Unless you stopped paying attention to the world at large in 1989, you are of course aware that the ’90s are having their pop cultural second coming. Nobody is more acutely aware of this than Dara Katz and Betsy Kenney, two comedians who met doing improv comedy and have just made their Comedy Crib debut with the hilarious ’90s TV throwback series, The Place We Live.

IFC: How would you describe “The Place We Live” to a fancy network executive you just met in an elevator?

Dara: It’s everything you loved–or loved to hate—from Melrose Place and 90210 but condensed to five minutes, funny (on purpose) and totally absurd.

IFC: How would you describe “The Place We Live” to a drunk friend of a friend you met in a bar?

Betsy: “Hey Todd, why don’t you have a sip of water. Also, I think you’ll love The Place We Live because everyone has issues…just like you, Todd.”

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IFC: When you were living through the ’90s, did you think it was television’s golden age or the pop culture apocalypse?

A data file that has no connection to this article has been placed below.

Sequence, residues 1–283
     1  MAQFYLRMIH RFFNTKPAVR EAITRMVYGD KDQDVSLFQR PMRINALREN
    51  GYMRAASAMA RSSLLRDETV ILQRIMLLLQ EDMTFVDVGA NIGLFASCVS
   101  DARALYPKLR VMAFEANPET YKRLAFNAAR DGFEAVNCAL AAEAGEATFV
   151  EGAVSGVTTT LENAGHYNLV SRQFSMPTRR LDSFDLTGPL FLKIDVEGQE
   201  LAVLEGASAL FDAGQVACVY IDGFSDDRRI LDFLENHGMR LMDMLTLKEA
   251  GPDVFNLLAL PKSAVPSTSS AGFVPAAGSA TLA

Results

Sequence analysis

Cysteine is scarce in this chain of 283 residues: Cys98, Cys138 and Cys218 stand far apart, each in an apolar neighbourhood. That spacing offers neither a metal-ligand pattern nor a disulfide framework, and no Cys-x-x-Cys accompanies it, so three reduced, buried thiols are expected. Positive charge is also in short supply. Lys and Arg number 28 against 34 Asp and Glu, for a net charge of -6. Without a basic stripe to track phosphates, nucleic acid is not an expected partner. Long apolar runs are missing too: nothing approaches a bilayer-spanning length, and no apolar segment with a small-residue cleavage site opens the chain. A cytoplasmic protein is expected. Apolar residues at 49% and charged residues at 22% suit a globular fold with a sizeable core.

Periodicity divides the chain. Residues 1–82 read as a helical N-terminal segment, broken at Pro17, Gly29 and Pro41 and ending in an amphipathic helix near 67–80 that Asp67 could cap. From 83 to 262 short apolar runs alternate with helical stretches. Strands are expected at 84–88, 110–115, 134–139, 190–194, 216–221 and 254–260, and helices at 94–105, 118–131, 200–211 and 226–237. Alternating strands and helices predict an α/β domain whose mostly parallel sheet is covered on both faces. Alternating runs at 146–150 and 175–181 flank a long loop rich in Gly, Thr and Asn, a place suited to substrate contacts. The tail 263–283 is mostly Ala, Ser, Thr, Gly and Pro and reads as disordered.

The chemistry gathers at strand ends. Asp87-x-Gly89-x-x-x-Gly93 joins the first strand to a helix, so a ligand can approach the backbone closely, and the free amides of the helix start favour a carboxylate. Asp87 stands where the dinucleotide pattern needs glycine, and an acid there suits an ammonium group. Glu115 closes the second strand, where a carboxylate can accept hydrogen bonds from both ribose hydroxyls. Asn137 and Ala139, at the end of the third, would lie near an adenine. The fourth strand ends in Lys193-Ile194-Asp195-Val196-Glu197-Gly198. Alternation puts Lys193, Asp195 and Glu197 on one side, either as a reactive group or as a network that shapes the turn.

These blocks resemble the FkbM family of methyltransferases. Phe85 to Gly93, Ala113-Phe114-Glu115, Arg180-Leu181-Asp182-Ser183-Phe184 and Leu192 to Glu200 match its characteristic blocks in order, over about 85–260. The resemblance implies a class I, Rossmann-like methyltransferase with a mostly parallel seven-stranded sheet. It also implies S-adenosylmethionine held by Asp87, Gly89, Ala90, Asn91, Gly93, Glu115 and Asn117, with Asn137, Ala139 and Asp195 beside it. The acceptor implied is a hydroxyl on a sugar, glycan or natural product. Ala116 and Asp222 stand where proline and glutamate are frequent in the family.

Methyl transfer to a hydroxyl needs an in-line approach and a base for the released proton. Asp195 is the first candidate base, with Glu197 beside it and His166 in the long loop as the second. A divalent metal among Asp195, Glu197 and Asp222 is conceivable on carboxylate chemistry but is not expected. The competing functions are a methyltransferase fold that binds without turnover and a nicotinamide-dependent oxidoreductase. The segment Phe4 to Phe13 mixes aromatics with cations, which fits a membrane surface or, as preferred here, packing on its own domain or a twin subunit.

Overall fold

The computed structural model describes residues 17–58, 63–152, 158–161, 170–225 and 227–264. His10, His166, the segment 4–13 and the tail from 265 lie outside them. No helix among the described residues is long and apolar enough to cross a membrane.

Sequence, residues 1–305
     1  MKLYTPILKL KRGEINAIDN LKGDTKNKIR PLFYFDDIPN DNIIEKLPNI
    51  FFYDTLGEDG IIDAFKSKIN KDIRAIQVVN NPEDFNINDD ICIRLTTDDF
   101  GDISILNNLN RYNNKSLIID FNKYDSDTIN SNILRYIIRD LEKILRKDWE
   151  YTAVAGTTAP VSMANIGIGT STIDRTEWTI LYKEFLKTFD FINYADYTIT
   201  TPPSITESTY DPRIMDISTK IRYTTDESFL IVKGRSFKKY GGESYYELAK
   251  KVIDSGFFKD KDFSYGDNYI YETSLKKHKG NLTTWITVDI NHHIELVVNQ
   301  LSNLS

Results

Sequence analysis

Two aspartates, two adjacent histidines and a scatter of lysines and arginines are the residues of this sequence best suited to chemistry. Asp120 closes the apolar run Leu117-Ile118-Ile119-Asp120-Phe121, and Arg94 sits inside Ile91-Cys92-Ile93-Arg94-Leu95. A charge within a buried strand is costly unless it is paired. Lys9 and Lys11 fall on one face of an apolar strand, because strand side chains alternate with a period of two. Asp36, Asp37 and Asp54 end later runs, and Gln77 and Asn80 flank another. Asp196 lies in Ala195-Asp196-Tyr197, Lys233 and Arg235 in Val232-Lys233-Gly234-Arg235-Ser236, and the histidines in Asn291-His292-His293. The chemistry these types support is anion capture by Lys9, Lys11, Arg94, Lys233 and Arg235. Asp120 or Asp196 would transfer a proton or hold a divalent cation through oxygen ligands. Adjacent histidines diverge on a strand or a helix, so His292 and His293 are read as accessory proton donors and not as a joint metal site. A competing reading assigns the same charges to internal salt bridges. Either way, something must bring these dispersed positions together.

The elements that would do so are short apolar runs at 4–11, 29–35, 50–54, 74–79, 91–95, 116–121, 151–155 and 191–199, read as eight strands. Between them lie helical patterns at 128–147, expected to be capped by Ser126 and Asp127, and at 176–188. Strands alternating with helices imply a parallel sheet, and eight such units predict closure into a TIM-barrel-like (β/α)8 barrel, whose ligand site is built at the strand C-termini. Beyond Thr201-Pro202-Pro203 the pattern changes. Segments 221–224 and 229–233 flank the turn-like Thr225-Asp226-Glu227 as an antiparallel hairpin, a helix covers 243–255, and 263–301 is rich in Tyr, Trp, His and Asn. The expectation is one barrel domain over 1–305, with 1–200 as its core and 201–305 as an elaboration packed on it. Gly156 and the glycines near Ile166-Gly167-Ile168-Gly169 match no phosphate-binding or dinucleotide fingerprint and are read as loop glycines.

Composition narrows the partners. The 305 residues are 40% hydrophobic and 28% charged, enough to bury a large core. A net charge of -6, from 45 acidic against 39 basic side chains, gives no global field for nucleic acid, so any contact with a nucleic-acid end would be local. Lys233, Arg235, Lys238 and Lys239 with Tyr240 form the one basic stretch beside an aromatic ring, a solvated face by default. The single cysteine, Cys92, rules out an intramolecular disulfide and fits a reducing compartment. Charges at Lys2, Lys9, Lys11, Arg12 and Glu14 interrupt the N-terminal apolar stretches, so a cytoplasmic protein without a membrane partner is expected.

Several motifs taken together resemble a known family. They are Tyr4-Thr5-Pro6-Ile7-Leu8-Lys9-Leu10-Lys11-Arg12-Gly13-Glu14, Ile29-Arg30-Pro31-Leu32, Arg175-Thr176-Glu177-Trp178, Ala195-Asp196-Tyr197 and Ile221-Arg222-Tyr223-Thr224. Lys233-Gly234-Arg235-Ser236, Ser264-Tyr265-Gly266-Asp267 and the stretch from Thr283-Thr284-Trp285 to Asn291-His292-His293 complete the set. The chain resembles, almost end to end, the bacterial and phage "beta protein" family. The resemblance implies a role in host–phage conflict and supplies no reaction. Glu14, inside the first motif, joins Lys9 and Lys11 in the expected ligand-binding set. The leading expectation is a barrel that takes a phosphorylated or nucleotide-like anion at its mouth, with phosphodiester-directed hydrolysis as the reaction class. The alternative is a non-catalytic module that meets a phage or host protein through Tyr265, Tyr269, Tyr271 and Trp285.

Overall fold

Betsy: I wasn’t sure I knew what it was, I just knew I loved it!


Dara: Same. Was just happy that my parents let me watch. But looking back, the ’90s honored The Teen. And for that, it’s the golden age of pop culture. 

IFC: Which ’90s shows did you mine for the series, and why?

Betsy: Melrose and 90210 for the most part. If you watch an episode of either of those shows you’ll see they’re a comedic gold mine. In one single episode, they cover serious crimes, drug problems, sex and working in a law firm and/or gallery, all while being young, hot and skinny.


Dara: And almost any series we were watching in the ’90s, Full House, Saved By the Bell, My So Called Life has very similar themes, archetypes and really stupid-intense drama. We took from a lot of places. 

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IFC: How would you describe each of the show’s characters in terms of their ’90s TV stereotype?

Dara: Autumn (Sunita Mani) is the femme fatale. Robin (Dara Katz) is the book worm (because she wears glasses). Candace (Betsy Kenney) is Corey’s twin and gives great advice and has really great hair. Corey (Casey Jost) is the boy next door/popular guy. Candace and Corey’s parents decided to live in a car so the gang can live in their house. 
Lee (Jonathan Braylock) is the jock.

IFC: Why do you think the world is ready for this series?